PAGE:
Arm out the window 6th May 2022 02:47

From the workplan:

Industry has told us that the current pilot licensing rules are too complicated, and the availability of instructors and flight examiners causes bottlenecks. We are working on reforms focused on delivering tangible benefits to better support general aviation.
Some of the comments in the workplan summary sound somewhat promising (bearing in mind that words are cheap). It's particularly galling that all the feedback over years only now seems to be getting some traction, and for that, some senior CASA 'specialists' and managers should continue to be dismissed or pressured to leave.

One example that's been communicated to CASA loud and clear ever since Part 61 took effect is the shortcomings of the specialist pilot training route under the CASRs, particularly contributing to the lack of experienced examiners for things like mustering, fire and NVG work. There is no excuse for having not listened and comprehended the ramifications years ago. We can only hope that there are cracks in the impenetrable wall of face-saving now that will actually lead to that oft-abused term, transparency.

Lead Balloon 6th May 2022 03:16

Great work if you can get it, eh? Spend years on a six figure salary creating complexity that everyone said was going to lead to mess, then spend years on a six figure salary working on “reforms” to deal with the mess.

It's a self-licking ice-cream.

Chronic Snoozer 6th May 2022 14:00

Yes, Minister.

Sunfish 7th May 2022 00:28

Related to the SoE is the account of the Board meeting:


While this document sounds like a refined afternoon tea party, I hope that there was more to it than that.

While it has been pointed out that the CASA Board is not a "real" Board in the sense of a public company Board, I would like to think it takes its duties just as seriously.

That means that no matter how politely it is done, the DAS's no doubt dainty feet are held to the blow torch.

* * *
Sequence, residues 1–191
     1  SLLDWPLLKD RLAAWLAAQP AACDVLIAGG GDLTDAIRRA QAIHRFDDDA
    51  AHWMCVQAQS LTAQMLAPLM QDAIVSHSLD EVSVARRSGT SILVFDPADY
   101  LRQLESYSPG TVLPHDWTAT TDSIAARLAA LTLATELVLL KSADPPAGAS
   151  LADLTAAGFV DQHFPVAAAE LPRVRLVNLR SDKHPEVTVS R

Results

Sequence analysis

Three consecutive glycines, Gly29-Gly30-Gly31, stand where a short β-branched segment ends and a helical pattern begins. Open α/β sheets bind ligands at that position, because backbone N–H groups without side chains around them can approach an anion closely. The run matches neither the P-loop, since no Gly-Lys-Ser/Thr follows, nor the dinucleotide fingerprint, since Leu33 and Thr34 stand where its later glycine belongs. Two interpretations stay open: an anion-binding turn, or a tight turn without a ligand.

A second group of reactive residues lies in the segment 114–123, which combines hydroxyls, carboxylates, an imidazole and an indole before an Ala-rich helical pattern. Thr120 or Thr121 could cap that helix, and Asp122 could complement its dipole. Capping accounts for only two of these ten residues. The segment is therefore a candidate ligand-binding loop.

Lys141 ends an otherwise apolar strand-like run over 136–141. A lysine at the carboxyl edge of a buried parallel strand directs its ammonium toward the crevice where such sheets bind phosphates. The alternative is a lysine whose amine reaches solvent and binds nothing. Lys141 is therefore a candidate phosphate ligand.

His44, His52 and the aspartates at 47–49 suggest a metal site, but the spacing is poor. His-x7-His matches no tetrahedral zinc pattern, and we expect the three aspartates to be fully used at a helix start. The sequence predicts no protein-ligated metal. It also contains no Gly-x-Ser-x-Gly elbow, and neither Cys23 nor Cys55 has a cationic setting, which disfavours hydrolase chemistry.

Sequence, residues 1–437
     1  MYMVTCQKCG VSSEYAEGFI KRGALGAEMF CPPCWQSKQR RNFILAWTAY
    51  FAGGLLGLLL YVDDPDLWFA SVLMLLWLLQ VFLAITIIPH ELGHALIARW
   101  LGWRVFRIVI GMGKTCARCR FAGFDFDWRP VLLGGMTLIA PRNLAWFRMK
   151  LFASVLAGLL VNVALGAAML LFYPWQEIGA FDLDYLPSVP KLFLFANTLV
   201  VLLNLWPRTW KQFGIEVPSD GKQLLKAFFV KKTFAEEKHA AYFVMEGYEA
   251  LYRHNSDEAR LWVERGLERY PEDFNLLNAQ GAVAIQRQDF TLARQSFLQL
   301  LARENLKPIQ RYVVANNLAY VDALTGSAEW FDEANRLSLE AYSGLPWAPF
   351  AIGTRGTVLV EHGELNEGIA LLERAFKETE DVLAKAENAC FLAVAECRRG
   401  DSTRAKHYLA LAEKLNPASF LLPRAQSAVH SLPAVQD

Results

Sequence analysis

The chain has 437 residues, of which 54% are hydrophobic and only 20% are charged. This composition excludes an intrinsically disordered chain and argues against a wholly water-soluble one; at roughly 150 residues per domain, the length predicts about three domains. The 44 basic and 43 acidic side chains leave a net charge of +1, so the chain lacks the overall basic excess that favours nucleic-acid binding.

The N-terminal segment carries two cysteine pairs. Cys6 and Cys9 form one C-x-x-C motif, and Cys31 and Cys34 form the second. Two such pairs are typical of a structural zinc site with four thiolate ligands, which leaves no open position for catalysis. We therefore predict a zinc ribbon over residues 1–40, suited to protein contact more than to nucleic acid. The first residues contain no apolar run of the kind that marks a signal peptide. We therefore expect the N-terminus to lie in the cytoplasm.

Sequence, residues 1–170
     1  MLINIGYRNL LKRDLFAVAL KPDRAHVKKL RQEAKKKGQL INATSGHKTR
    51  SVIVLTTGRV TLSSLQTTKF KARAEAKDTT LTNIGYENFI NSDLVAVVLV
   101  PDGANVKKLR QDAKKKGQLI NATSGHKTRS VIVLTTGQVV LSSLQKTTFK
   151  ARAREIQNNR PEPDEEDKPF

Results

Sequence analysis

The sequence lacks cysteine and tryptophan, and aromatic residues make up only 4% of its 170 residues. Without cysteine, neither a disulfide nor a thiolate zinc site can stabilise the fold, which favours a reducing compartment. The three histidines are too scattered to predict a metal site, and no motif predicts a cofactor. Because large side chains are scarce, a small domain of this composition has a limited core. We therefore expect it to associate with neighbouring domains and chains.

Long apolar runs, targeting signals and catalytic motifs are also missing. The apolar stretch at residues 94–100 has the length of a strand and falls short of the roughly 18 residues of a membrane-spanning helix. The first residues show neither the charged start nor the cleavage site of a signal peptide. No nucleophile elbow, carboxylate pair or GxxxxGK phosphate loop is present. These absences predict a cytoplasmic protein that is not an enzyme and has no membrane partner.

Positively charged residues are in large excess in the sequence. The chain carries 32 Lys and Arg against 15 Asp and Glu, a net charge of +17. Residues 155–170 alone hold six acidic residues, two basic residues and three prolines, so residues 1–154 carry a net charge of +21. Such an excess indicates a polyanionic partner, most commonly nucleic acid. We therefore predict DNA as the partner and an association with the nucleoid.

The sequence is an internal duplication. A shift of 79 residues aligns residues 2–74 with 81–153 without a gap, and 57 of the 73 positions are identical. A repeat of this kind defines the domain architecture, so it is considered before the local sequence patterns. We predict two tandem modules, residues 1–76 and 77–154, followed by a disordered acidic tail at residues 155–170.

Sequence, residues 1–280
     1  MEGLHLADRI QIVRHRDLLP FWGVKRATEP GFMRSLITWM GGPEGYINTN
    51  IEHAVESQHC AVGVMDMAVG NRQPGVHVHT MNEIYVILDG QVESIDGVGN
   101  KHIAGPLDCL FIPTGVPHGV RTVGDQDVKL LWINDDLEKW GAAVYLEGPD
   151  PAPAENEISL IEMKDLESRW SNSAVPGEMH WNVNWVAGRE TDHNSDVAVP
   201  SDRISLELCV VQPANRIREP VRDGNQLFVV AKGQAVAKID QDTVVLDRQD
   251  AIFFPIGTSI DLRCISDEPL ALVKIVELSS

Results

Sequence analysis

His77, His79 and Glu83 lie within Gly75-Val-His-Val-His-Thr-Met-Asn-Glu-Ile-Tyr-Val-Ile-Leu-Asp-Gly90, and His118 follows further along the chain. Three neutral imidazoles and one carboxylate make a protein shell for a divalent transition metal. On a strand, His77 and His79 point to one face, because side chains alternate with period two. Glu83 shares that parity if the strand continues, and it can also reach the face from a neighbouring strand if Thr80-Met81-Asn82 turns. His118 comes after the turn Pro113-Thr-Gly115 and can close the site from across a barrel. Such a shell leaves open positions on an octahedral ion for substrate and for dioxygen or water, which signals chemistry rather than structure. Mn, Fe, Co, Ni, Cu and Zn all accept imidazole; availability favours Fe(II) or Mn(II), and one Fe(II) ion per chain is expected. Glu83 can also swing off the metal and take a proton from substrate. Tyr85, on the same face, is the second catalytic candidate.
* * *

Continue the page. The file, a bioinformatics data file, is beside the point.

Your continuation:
The Board should be asking penetrating questions and expecting concise answers as to the subject of managing risk - which is the Boards duty.. If over time, the answers provided by the DAS do not suggest an appreciation of this little matter, then the Board should be looking for a new DAS.

Questions that I would be asking:

Considering the question of CASA's reputation and occasional adverse findings, how do you propose to manage it? Could you perhaps comment on the matter of Buckley and similar events as examples of reputational risk?

While this is a Board matter, Considering Government policy in toto, how should CASA support it? is our policy aligned with Government objectives? Are there any changes to The Act or policies you would recommend? Why?

Do you have sufficient resources to execute the approved business plan?

Are there any matters not mentioned in the minutes that we, as Board, should be aware of?

Lead Balloon 7th May 2022 02:24

I like it how you are able to swing from realistic sceptic to wide-eyed Pollyanna with little effort, Sunfish. "I hope." "I would like to think."

CASA isn't a company trying to make a profit. CASA doesn't exist for or to help the aviation industry. CASA exists to save the public from the aviation industry. CASA couldn't care less about its reputation in the aviation industry, other than to pay lip service.

Why on Earth would any member of the CASA Board want to make stressful or embarrassing work out of Board meetings? Mutual back-slapping is far more relaxing.

Are you able to identify a single Commonwealth statutory authority where the Board has sacked the CEO? Ever in history.

Sunfish 7th May 2022 14:20

Lead Balloon, Pollyanna indeed! More like Aunty Jack with Blundstones.

I was being perlite as I were dragged up to be.

A good board may contain characters who call a spade a spade. It may also contain members who hand you your head on a plate before you even realize its been cut off.